Golf’s final major of the year is here. The Open Championship, also known as the British Open, kicks off Thursday at Royal St. George's Golf Club in Sandwich, Kent, England. The last Open contested at this course was in 2011, won by Darren Clarke, and before that Ben Curtis won in 2003.
After being canceled in 2020 due to the COVID-19 pandemic, Shane Lowry (+4000) returns to defend his 2019 title, when he won the first major of his career at Royal Portrush.
The Open Championship will have 156 players in the field, with Jon Rahm set as the +750 favorite to win at BetMGM followed by Brooks Koepka (+1400), Xander Schauffele (+1600), Jordan Spieth (+1800), and Justin Thomas (+2000).
Players to consider/stats to use
With a small sample size for course history — which is also quite dated — what I did was look at recent form and how players have performed in all majors. The Royal St. George’s Golf Course is a par 70 and roughly 7,200 yards. Though it is shorter in length, it’s known to be a bit of a difficult tee shot. Considering it’s right off the bay, the conditions can also be quite windy. With undulated greens, narrow fairways, wind, plenty of bunkers, and rough that can be menacing, I’m looking for the all-around good player.
Stats that can be helpful: Strokes Gained Off the Tee, Strokes Gained Around the Green, Strokes Gained Approach, Par 4 scoring (since it’s a Par 70), bogey avoidance, and sand saves.
Picking a winner can be a tough task, so instead of looking at who can win, I’ll be looking at one of my favorite bets to make: full tournament head-to-head matchups. Here are three that are worth a grab.
Louis Oosthuizen -165 over Tommy Fleetwood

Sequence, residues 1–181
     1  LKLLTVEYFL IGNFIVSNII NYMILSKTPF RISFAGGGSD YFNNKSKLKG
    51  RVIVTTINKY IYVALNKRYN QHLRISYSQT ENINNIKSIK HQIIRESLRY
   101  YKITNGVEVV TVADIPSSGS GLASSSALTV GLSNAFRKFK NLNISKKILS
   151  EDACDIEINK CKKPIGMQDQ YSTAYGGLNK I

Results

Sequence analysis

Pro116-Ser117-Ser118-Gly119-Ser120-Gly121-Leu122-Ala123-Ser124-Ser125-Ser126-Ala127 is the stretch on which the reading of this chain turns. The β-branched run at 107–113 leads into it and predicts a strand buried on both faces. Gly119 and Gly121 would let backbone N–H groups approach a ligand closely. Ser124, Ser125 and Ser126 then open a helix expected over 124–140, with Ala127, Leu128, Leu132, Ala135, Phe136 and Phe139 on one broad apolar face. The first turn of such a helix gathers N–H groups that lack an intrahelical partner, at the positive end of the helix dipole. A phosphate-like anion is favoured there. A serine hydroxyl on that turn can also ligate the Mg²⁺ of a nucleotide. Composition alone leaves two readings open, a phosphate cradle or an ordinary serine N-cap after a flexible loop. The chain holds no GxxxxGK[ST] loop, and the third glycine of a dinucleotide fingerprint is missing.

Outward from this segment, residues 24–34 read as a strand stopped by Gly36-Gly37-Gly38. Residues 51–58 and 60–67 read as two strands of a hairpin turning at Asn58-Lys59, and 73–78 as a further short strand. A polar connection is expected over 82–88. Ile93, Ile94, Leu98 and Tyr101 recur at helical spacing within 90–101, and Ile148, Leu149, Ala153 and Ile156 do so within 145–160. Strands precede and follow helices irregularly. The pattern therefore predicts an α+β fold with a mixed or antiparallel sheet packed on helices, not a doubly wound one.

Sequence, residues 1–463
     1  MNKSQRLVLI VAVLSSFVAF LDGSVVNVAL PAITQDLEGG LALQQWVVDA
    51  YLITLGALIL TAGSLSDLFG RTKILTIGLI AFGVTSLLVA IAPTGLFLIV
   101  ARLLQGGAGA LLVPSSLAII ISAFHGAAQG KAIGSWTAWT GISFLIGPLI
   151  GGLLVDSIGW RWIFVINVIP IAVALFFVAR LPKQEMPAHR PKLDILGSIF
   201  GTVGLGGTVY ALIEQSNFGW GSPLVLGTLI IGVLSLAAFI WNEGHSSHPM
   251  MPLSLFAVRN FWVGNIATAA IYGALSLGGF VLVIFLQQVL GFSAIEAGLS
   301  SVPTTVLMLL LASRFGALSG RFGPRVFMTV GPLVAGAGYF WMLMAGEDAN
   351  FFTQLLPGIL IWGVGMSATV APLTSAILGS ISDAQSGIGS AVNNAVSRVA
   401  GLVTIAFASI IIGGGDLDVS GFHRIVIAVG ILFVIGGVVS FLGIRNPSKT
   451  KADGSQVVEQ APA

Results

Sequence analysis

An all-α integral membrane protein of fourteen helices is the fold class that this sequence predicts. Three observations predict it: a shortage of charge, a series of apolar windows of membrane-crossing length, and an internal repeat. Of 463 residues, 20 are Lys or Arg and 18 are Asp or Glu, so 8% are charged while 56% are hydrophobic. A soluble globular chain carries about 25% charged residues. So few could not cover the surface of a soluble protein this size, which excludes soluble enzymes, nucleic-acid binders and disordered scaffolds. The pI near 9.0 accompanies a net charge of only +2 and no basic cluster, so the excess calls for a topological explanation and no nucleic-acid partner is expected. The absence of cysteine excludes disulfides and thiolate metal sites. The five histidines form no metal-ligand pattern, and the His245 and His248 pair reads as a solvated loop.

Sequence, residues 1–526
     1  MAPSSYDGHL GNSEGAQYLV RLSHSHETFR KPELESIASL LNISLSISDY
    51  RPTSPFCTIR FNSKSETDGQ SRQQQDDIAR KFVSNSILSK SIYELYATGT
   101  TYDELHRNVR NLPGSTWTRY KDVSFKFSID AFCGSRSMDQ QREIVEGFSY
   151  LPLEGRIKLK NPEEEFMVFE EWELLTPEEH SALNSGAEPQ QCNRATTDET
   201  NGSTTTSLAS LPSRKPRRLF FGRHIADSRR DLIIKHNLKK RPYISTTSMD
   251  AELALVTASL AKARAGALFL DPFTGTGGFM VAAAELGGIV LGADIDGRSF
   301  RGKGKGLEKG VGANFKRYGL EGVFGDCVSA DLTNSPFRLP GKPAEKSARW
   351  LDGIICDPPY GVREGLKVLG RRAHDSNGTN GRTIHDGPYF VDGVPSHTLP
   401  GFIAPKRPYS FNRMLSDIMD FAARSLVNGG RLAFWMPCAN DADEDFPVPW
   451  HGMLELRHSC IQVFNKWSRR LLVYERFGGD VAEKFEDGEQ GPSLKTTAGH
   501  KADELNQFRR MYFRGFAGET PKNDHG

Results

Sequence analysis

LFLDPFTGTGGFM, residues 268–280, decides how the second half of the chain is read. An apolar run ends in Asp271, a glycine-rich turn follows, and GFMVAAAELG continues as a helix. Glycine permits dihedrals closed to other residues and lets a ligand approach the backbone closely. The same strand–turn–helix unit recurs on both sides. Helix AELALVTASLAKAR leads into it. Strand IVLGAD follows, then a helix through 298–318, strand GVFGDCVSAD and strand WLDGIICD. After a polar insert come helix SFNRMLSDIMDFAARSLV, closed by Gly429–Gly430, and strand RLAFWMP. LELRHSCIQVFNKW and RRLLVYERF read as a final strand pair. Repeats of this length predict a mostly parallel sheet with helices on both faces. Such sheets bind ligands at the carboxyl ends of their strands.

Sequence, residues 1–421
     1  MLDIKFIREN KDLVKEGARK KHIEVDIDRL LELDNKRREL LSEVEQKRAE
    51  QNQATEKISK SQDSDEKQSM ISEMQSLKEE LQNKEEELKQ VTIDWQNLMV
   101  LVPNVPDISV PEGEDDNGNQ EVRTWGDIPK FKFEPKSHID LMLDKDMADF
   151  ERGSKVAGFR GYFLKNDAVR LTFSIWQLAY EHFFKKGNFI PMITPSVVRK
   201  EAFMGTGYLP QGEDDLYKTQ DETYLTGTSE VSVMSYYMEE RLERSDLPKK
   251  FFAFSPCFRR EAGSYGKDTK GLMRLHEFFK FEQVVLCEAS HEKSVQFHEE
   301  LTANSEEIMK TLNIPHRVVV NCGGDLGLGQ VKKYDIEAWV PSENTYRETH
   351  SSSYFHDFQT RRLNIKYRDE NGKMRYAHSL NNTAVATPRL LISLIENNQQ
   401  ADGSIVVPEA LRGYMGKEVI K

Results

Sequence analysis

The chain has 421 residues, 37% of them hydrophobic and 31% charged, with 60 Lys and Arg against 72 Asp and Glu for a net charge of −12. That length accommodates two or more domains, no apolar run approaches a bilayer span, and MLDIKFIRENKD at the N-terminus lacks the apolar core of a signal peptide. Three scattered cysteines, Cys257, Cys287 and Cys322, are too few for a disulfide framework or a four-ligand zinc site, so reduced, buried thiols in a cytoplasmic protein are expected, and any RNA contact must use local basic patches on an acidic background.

Oosthuizen has become somewhat of an “always a bridesmaid, never a bride” type of player. Since 2015, he has finished runner-up in a major event five times, including back-to-back this year in the PGA Championship and the U.S. Open. Another runner-up finish was in the 2015 Open Championship. In his last five tournaments, Oosthuizen has five consecutive Top 20 finishes, four of which were in the Top 10. He’s not only coming into this event with good form but has the stats to back up a possible good run. He’s top 20 in bogey avoidance, sand saves, and approach, and in the top 35 for around the green. The best part of his game is his putting. Oosthuizen has gained strokes putting in 13 of his last 14 events.
The price is steep but warranted. Fleetwood on the other hand, has missed the cut in three of his last eight events, has lost strokes putting in six of his last eight events, and lost strokes ball striking in four of his last eight events. This year has not been kind to him, finishing 46th, missing the cut, and finishing 50th in his last three majors. Fleetwood did, however, take second in the 20219 Open Championship, but he is coming into this event a bit on the rocky side.
Brooks Koepka -125 over Dustin Johnson
Koepka should be an auto buy for every major. The idea that he shows out for the big events is pretty accurate. In his last 10 majors, Koepka has finished top five in seven events, including two wins and three runner-up finishes. Looking at those last 10 majors played, Koepka has gained strokes in every category all but twice. The two times he didn’t, he finished 29th in the 2020 PGA Championship and missed the cut in 2021 The Masters.
At the Open, he’s finished 10th, sixth, 39th, and fourth in his last four trips overseas. Statistics tend to be irrelevant for him because like a switch, Koepka just has the ability to turn it on when he needs (or wants) to. Plus, he’s coming into this event in great form, taking fifth at the Travelers Championship.
In three majors played this year, Johnson has missed the cut in two: the Masters in April and the PGA Championship in May. He bounced back with a 19th place finish at the U.S. Open but has a less stellar history of playing at the Open, with just one top-20 finish in his last five trips.
I wouldn’t say I don’t like Johnson in this spot, but I will say I like Koepka more.
Louis Oosthuizen (+3300) and Brooks Koepka (+1600) are two players I like to win The Open Championship. Rather than betting on either to beat everyone in the field, I’ll look to them to win against just one other player. Since betting outrights are fun and add an element of entertainment, however, consider taking head-to-head bets at your normal bet sizing and perhaps take outright bets at a quarter or a fifth of the price. You get both a fun sweat and protect your bankroll.
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